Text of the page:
14.7.1.2.Appraisal Independence Requirements. Those with an interest in the underlying transaction of the appraisal may not bribe, coerce, extort, or otherwise inappropriately influence the appraiser. [§1472] Appraisers may not have a financial interest in the transaction involved in the appraisal. Those with an interest in the transaction may not mischaracterize the appraised value of the property.

14.7.1.2.1. Mandatory Reporting. Various entities, such as a mortgage lender or broker, involved in a real estate transaction involving an appraisal must report to the appropriate state licensing agency any violations by an appraiser of the Uniform Standards of Professional Appraisal Practice. The Fed shall within 90 days of enactment of the Act provide interim final regulations defining violations of appraisal independence. Apart from the Fed’s interim regulation, the Fed, the OCC, the FDIC, the NCUA, the Federal Housing Finance Agency and the Bureau will have the authority to issue rules and interpretive guidance regarding appraisal independence.

14.7.2. Appraisal Subcommittee of the FFIEC. The Financial Reform, Recovery, and Enforcement Act of 1989 (FIRREA) is amended to provide the Appraisal Subcommittee of the Federal Financial Institutions Examination Council (FFIEC) with a consumer protection mandate. [§1473] The Subcommittee will audit state appraiser regulatory activities.

14.7.2.1. Annual Report. The Subcommittee must send an annual report to Congress detailing its activities and disapproved actions and warnings taken in that year. The Subcommittee may also prescribe regulation in limited areas.

14.7.2.2. Regulations. The Subcommittee may issue limited regulations involving appraisal standards. [§1473(d)]

14.7.3 Supervision of Third Party Providers of Appraisal Management Services. The Fed, the OCC, the FDIC, the NCUA, the Federal Housing Finance Agency, and the Bureau shall jointly establish minimum requirements for states to apply for the registration of appraisal management companies. Mandated requirements include compliance with the Uniform Standards of Professional Appraisal Practice. States may impose additional requirements in addition to the federally mandated standards. States may not register any appraisal management company owned any person who has had an appraiser license or certificate refused, denied, cancelled, or revoked.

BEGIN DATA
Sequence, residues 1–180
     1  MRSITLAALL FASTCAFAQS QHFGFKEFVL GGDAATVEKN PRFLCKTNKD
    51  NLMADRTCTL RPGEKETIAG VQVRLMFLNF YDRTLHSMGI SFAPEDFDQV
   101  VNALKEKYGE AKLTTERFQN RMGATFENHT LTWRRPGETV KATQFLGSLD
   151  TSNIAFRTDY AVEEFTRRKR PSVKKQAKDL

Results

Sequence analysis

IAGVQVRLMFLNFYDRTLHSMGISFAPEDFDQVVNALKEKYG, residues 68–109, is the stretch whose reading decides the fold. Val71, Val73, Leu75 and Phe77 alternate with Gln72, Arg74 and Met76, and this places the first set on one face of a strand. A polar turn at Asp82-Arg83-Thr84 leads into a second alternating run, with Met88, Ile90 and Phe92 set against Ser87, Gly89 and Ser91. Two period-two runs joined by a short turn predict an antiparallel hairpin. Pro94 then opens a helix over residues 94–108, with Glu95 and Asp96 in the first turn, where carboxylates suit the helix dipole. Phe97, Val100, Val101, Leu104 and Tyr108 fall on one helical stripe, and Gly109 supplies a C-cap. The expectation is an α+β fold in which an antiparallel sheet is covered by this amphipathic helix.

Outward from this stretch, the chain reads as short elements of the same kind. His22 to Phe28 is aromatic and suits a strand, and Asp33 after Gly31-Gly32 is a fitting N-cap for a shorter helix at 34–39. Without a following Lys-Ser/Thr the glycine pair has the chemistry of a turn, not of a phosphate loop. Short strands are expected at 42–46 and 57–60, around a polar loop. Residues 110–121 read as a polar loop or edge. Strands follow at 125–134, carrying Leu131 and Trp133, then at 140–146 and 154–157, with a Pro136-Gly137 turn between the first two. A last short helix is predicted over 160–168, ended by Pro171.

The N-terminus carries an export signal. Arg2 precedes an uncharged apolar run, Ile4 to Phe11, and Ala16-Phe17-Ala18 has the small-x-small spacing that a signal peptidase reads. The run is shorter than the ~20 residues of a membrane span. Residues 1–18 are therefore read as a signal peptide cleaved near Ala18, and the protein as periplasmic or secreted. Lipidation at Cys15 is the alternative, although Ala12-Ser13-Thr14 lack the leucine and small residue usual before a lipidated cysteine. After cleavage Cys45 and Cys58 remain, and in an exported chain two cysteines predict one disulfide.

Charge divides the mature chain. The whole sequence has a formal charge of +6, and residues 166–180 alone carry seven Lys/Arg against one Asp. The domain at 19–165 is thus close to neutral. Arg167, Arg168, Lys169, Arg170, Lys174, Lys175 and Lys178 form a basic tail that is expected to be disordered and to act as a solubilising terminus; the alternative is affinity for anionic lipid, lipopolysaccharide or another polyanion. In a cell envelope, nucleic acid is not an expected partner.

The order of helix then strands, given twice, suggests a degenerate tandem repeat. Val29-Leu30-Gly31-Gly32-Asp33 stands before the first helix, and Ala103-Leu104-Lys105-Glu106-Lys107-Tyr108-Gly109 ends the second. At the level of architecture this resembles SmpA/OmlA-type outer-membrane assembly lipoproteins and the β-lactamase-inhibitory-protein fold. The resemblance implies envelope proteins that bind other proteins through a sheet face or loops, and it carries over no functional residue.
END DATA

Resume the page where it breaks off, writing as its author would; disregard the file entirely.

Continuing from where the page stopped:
14.7.3.1. Supervision of State Oversight by the Appraisal Subcommittee. The Board of Governors, the OCC, the FDIC, the National Credit Union Administration Board, the Federal Housing Finance Agency, and the Bureau of Consumer Financial Protection will also issue regulations for reporting the activities of appraisal management companies to the Appraisal Subcommittee. The Appraisal Subcommittee will have the responsibility to monitor each state appraiser certifying and licensing agency to ensure that those agencies have policies and practices consistent with federal law that they process complaints on a reasonable basis, among other requirements.

14.7.3.1.1. Reporting Requirement. State agencies dealing with the registration of appraisal management companies are required to transmit reports on the issuance of licenses and certifications, as well as sanctions, to the Appraisal Subcommittee.

14.7.3.1.1. Registration Requirement. Three years after the regulations are published, an appraisal management company may not perform services in a federally related transaction without being registered in that state or subject to oversight by a Federal financial institutions regulatory agency. The Appraisal Subcommittee may extend the three year period by an additional 12 months.

14.7.4. National Appraisal Complaint Hotline. The Appraisal Subcommittee must also establish a national hotline to receive complaints of non-compliance with appraisal standards 6 months after the date of enactment, if such a hotline does not exist at that time. [§1473(p)]

14.7.5. Quality Controls for Automated Valuation Models. Automated valuation standards must adhere to quality control standards designed to protect against the manipulation of data, avoid conflicts of interests, require random sample testing, and any other requirement determined by the agencies drafting the standards. [§1473(q)] These standards will be regulated by the Board of Governors, the OCC, the FDIC, the National Credit Union Administration Board, the Federal Housing Finance Agency, and the Bureau of Consumer Financial Protection.

14.7.6. Broker Price Opinions. Broker price opinions may not be used as the primary basis in determining the value of a piece of property in regards to a mortgage loan secured by that property. [§1473(r)]

14.7.7. Comptroller General Study on Appraisal Process. The Comptroller General is required to study the effectiveness and impact of appraisal methods and other aspects of the appraisal process due no later than 12 months after the date of enactment of the Act. A preliminary report to the House Financial Services Committee and Senate Banking Committee is due 90 days after enactment. [§1476]